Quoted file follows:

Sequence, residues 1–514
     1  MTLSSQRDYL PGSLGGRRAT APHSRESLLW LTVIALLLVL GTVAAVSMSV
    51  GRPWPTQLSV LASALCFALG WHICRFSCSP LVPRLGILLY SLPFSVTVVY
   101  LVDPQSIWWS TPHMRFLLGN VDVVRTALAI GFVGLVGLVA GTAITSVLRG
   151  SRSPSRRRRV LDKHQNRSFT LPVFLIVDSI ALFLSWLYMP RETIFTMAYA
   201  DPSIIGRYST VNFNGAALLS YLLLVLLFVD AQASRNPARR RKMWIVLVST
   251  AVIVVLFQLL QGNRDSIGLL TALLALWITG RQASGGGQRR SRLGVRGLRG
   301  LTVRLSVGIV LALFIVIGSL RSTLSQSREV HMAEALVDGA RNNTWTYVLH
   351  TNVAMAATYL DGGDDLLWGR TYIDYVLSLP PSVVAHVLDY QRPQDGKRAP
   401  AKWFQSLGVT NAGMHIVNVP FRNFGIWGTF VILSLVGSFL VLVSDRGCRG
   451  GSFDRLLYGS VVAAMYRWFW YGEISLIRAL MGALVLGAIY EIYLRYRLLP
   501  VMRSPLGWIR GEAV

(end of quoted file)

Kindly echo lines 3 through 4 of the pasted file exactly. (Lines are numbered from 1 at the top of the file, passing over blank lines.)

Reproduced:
    51  GRPWPTQLSV LASALCFALG WHICRFSCSP LVPRLGILLY SLPFSVTVVY
   101  LVDPQSIWWS TPHMRFLLGN VDVVRTALAI GFVGLVGLVA GTAITSVLRG